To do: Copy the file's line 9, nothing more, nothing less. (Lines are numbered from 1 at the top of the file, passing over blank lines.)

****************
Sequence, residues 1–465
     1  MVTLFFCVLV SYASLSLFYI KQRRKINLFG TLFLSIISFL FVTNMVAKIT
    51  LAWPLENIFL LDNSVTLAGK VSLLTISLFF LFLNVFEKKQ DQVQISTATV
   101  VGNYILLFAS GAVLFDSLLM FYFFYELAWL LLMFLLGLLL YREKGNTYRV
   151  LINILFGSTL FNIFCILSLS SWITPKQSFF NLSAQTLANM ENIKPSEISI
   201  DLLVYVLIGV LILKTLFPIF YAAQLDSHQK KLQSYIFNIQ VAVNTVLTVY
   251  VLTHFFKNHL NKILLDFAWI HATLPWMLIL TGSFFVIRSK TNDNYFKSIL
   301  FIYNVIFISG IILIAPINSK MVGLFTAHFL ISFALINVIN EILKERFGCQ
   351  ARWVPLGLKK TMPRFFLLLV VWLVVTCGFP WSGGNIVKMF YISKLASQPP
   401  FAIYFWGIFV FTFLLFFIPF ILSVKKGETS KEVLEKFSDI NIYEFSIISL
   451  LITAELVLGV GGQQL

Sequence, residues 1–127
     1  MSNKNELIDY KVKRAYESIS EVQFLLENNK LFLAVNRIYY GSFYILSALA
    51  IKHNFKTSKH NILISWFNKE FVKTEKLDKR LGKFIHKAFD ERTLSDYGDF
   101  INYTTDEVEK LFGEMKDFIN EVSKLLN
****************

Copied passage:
   351  ARWVPLGLKK TMPRFFLLLV VWLVVTCGFP WSGGNIVKMF YISKLASQPP